Used Textbooks
When I was in college, used textbooks were a big part of how I was able to afford school. There were semesters where buying all of my books new would have approached $1,000, but by looking for used copies, I was able to trim that by 50% or more.

Amazon makes this very easy by serving as a clearinghouse for used textbooks. Their textbook center makes it easy to find the books for your class and, more importantly, find used editions at a very good price. Even if they don’t beat your local stores on and off campus, you can still use this as another point for comparison shopping.

There’s also the option of “renting” some textbooks, which can save you significant money. For example, you can “rent” David R. Klein’s Organic Chemistry text for about 50% of the price of buying the hardcover.

In addition to that, there’s also the option to “rent” Kindle versions of textbooks, which can both save you money and backpack space. The Klein book mentioned above, for example, can be rented on the Kindle for the semester for about 50% off. This is perfect if you have a tablet computer, in my opinion.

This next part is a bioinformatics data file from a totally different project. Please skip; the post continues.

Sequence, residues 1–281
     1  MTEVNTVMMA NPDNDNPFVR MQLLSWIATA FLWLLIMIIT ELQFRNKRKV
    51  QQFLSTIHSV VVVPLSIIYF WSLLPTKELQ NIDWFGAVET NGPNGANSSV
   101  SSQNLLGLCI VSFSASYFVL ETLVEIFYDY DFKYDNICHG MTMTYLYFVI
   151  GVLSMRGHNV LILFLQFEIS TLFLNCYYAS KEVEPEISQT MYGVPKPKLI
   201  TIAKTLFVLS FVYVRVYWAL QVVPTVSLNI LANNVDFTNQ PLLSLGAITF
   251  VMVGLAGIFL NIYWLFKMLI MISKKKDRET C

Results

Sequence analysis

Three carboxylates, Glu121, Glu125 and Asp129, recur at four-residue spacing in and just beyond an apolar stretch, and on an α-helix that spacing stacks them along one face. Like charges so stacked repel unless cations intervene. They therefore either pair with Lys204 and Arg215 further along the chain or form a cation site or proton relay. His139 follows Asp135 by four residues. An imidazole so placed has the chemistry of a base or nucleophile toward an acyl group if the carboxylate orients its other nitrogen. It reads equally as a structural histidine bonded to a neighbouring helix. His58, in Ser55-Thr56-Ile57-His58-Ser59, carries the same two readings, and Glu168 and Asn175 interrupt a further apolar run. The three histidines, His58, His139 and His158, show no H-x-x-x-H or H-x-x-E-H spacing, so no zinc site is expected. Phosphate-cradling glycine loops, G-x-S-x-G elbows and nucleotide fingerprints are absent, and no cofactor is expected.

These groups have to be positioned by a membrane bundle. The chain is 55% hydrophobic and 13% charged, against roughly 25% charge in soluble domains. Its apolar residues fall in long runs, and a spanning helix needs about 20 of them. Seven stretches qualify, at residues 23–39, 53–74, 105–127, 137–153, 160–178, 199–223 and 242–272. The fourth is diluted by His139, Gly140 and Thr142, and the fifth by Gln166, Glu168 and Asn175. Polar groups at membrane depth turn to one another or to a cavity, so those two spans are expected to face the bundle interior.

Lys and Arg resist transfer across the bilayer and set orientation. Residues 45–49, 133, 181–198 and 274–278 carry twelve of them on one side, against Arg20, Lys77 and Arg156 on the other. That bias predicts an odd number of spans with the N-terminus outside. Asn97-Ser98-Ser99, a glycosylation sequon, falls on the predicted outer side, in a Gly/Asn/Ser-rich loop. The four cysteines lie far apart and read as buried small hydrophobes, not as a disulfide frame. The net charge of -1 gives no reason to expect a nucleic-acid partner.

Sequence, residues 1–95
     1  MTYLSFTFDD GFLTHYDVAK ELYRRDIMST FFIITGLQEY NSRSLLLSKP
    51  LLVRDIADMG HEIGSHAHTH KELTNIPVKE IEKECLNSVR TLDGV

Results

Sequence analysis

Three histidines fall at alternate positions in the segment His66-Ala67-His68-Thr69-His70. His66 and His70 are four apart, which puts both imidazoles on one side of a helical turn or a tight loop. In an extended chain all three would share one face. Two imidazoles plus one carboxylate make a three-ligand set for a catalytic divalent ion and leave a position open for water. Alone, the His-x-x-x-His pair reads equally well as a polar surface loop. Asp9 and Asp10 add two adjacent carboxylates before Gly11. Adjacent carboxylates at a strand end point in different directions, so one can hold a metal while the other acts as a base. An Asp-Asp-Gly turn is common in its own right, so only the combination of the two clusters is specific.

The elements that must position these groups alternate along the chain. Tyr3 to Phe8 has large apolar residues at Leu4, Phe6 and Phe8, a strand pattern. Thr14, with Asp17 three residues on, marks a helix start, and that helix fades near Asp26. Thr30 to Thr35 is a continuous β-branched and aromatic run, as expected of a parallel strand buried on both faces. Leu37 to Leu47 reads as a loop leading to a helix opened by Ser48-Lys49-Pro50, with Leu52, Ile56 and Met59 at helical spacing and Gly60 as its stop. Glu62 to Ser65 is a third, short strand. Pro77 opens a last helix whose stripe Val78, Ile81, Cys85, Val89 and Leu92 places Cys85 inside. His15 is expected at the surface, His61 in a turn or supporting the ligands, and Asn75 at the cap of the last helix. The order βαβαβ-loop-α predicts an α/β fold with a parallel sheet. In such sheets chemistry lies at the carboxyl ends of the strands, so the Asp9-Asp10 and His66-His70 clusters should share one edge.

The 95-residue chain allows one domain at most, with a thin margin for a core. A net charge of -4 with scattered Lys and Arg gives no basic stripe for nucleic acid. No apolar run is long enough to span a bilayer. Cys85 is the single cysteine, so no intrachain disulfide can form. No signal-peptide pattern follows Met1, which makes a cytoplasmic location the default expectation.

Amazon Visa
If you find yourself settling into a routine of buying items regularly from Amazon, the Amazon Visa is a worthwhile additional tool. Use it solely for purchases from Amazon and you’ll earn a gift card each month equal to 3% of your spending on Amazon (if you use it elsewhere, you earn a bit less). The nice part is that as soon as the gift card is available, it appears as you’re checking out on Amazon.

So, let’s say you sign up to buy several perishables via Subscribe and Save along with buying some Christmas gifts from Amazon. Everything totals up to $300. The next time you buy anything from Amazon, you’ll have a $9 credit waiting for you, usable on whatever you’d like.

If you are even a semi-frequent user of, many of these offers stack together really well. For example, Subscribe and Save synergizes very well with Prime membership, as does setting low price thresholds for items you might buy if they’re cheap enough. Given that Amazon has pretty good prices most of the time on many items, if you’re a careful shopper that shops around a little bit, you can use these tips to get items you want and need quite inexpensively.

Are there any tactics for shopping at Amazon that I didn’t cover here? Please share them in the comments!